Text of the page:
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Operation Dragon Rouge

William E. Schaufele, Jr. was the Congo Desk Officer at State

from 1964 to 1965, when 330 people, including the staff of the U.S.consulate, were taken hostage by Congolese rebels in Stanleyville (now Kisangani). Held for 111 days, they were eventually rescued in a joint U.S.-Belgian operation codenamed Dragon Rouge. Schaufele, who later served as Assistant Secretary of State for African Affairs, from  1975 to 1977, was interviewed by Lillian Mullin on November 19, 1994.

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Dancing with the Stars…And Stripes in the Congo

Michael Rives joined the Foreign Service in 1950 and served as Deputy Chief of Mission in Brazzaville from 1963 to 1966.  In this excerpt from his oral history, he remembers the rather unforgettable Assistant Secretary of State for African Affairs.  G. Mennen Williams, whose grandfather, Gerhard Heinrich Mennen, founded the Mennen line of men’s personal care products, was nicknamed “Soapy” and wore a trademark green bow tie with white polka dots.  After serving 12 years as the governor of Michigan, he served in the Kennedy Administration and had a unique way of keeping diplomats on their toes.  Read more

Moments in U.S. Diplomatic History

Our web series of over 800 “Moments in U.S. Diplomatic History” captures key historical events — and humorous aspects of diplomatic life, using our extensive collection of oral histories.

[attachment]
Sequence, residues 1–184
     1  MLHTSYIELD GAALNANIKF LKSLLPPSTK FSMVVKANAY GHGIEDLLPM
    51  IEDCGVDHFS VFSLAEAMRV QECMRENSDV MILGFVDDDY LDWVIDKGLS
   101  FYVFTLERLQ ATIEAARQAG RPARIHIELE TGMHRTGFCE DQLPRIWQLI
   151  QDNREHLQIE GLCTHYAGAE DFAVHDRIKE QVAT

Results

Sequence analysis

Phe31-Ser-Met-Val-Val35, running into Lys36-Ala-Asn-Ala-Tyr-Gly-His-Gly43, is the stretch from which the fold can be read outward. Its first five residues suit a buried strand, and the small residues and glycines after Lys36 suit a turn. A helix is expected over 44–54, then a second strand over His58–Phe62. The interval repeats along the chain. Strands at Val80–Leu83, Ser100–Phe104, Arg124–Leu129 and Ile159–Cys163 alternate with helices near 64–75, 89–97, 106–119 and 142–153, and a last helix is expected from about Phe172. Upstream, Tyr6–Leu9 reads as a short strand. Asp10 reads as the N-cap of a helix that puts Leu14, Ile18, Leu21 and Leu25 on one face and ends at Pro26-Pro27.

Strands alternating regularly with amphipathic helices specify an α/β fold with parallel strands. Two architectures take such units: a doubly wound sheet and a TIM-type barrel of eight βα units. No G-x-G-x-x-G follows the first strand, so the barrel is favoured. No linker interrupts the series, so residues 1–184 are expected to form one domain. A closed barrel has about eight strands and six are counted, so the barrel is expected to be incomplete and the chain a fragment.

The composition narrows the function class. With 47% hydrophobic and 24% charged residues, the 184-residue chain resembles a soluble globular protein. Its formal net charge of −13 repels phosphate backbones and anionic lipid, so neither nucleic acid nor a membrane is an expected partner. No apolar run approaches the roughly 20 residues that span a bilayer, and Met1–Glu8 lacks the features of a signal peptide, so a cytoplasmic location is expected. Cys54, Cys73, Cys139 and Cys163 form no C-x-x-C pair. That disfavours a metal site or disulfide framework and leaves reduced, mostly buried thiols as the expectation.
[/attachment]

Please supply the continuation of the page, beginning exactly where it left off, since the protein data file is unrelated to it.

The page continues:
Note:  These oral histories contain the personal recollections and opinions of the individual interviewed.  The views expressed should not be considered official statements of the U.S. government or the Association for Diplomatic Studies and Training. To read the entire interview, go to our Oral History page.

 

The U.S. Embassy Nairobi Bombings

It was one of the most horrific events in U.S. diplomatic history. On August 7, 1998, between 10:30 and 10:40 a.m. local time, suicide bombers parked trucks loaded with explosives outside the embassies in Dar es Salaam and Nairobi and almost simultaneously detonated them. In Nairobi, approximately 212 people were killed, and an estimated 4,000 wounded; in Dar es Salaam, the attack killed at least 11 and wounded 85. The attacks were later traced to Saudi exile Osama bin Laden and took place on the eighth anniversary of the deployment of U.S. troops to Saudi Arabia.

On August 20, President Bill Clinton ordered cruise missiles launched against bin Laden’s terrorist training camps in Afghanistan and against a pharmaceutical plant in Sudan, where bin Laden allegedly made or distributed chemical weapons. In November 1998, the United States indicted bin Laden and 21 others, charging them with bombing the two U.S. embassies and conspiring to commit other acts of terrorism against Americans abroad. To date, nine of the al Qaeda members named in the indictments have been captured. Prudence Bushnell was Ambassador to Kenya at the time and relates the harrowing events of those days. She was interviewed by Charles Stuart Kennedy beginning in July 2005.
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